Caffeine can help us start our day or get us through a drowsy afternoon. But did you know caffeine can also help prevent a premature baby from having apneic spells, or periods of not breathing? Since 1977 we have known that pharmacological caffeine given to premature infants can help stimulate their immature brains and lungs to breath—preventing life threatening damage due to hypoxia, or lack of oxygen. This caffeine is usually given until the baby reaches 34 weeks gestation, or the time when the brains and lungs should be mature enough to breathe on their own.
A recent study by Dr. Lawrence Rhein from Harvard Medical School and the Caffeine Pilot Study Group sought to evaluate if 34 weeks is really the best time to stop using caffeine. Dr. Rhein explained, “[34 weeks] is about that age that most babies stop having clinically obvious hypoxic spells. But the question has been, are there continued but less obvious episodes that we could and should be preventing? And can caffeine play a role in doing so?”
What did the study find? Give the babies more caffeine. There are real, but less obvious, hypoxic spells after 34 weeks and giving caffeine to premature infants until 40 weeks, or term, gestation helps prevent them. The six week extension on administering caffeine prevented the hypoxic spells—or blood oxygen saturation levels below 90 percent. When blood oxygen levels were measured, babies in the extended caffeine treatment group experienced 52 percent less hypoxic spells and 47 percent less time under 90 percent oxygen saturation.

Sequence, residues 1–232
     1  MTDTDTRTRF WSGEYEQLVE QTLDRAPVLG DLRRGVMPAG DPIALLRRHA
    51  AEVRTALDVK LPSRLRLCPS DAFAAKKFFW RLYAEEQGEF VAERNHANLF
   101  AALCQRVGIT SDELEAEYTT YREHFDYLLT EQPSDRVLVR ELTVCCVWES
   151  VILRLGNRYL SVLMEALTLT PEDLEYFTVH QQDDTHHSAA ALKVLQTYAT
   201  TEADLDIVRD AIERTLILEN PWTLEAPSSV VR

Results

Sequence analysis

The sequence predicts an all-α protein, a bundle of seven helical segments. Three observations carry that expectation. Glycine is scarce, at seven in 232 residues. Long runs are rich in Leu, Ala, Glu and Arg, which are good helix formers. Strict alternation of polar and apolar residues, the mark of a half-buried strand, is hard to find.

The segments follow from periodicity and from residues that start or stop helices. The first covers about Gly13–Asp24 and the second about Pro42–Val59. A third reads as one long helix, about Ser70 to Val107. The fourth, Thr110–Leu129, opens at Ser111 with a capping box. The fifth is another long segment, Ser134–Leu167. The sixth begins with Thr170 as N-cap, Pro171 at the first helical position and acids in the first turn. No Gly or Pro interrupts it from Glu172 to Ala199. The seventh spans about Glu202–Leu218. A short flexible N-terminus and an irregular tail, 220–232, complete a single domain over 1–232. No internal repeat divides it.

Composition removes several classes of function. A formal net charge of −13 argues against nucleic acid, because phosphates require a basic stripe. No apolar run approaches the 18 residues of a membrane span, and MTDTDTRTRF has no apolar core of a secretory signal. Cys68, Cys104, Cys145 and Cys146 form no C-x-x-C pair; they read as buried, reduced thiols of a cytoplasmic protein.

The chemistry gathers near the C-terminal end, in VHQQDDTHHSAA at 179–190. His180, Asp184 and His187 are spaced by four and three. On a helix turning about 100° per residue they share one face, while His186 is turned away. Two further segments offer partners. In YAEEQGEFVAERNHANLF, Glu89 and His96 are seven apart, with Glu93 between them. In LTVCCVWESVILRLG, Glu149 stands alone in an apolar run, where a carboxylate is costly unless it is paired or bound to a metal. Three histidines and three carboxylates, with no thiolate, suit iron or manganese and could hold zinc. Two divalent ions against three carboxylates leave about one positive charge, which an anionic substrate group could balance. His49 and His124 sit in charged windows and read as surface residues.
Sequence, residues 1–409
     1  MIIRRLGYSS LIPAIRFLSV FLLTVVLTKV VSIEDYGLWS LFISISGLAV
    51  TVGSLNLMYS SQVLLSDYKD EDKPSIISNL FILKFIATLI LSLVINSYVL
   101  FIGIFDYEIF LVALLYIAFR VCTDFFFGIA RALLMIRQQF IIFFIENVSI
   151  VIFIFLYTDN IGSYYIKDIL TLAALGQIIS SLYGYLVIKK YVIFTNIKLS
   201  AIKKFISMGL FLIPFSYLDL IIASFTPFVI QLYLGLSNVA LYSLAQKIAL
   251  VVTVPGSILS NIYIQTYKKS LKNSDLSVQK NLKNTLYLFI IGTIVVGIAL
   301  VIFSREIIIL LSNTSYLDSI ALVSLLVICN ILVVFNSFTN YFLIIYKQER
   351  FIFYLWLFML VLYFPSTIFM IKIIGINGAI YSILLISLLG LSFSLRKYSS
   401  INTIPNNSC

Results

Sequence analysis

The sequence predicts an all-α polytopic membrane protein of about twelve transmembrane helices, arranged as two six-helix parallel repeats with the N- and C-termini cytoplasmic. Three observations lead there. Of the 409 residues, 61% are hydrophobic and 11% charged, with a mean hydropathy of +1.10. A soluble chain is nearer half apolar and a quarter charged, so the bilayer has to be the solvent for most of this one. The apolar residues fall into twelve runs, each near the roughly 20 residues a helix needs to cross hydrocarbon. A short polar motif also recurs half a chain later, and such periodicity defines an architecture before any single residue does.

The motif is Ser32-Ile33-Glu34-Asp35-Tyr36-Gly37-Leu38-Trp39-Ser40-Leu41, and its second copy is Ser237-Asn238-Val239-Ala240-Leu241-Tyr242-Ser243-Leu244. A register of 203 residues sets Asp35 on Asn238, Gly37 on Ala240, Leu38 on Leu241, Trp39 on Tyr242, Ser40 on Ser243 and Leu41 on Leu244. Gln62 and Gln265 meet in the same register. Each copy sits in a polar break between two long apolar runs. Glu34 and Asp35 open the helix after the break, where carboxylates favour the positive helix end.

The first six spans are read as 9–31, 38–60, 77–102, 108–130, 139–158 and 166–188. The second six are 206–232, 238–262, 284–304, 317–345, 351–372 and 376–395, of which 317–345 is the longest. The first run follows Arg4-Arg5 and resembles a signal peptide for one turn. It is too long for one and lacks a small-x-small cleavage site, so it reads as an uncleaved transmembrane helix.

Finding a healthy balance of oxygen levels for a premature infant is often a delicate science. While decreased oxygen can cause long term developmental morbidities and even death, supplemental oxygen and high oxygen saturation in the blood can also contribute to the development of retinopathy of prematurity (ROP), which may lead to blindness. The findings for this study provide at least a partial solution to this difficult balance by showing that caffeine can help stabilize oxygen saturation levels.
Moving forward more research is needed to evaluate the types and consequences of the less obvious hypoxic spells occurring after 34 weeks. “Our data showed that [hypoxic] episodes can continue for weeks after caffeine is discontinued,” Rhein said. “Those episodes were not clinically obvious, but we don’t yet know which episodes we need to react to. We’re setting the stage to ask whether some of the episodes that we don’t think are significant can affect long-term cognitive development.” The answers to these questions have implications for both the future of the premature infant and family.
If the hypoxic spells do affect long-term cognitive development, then treatment through extended caffeine has implications for improving outcomes and decreasing the need of special education services and health care costs to the family.
Do you have thoughts or insight on the effects of neonatal hypoxia? How your facility addresses neonatal hypoxia? Do you use caffeine? If not, why not? If you are interested in submitting a blog post on neonatal hypoxia, please email Katie Millar.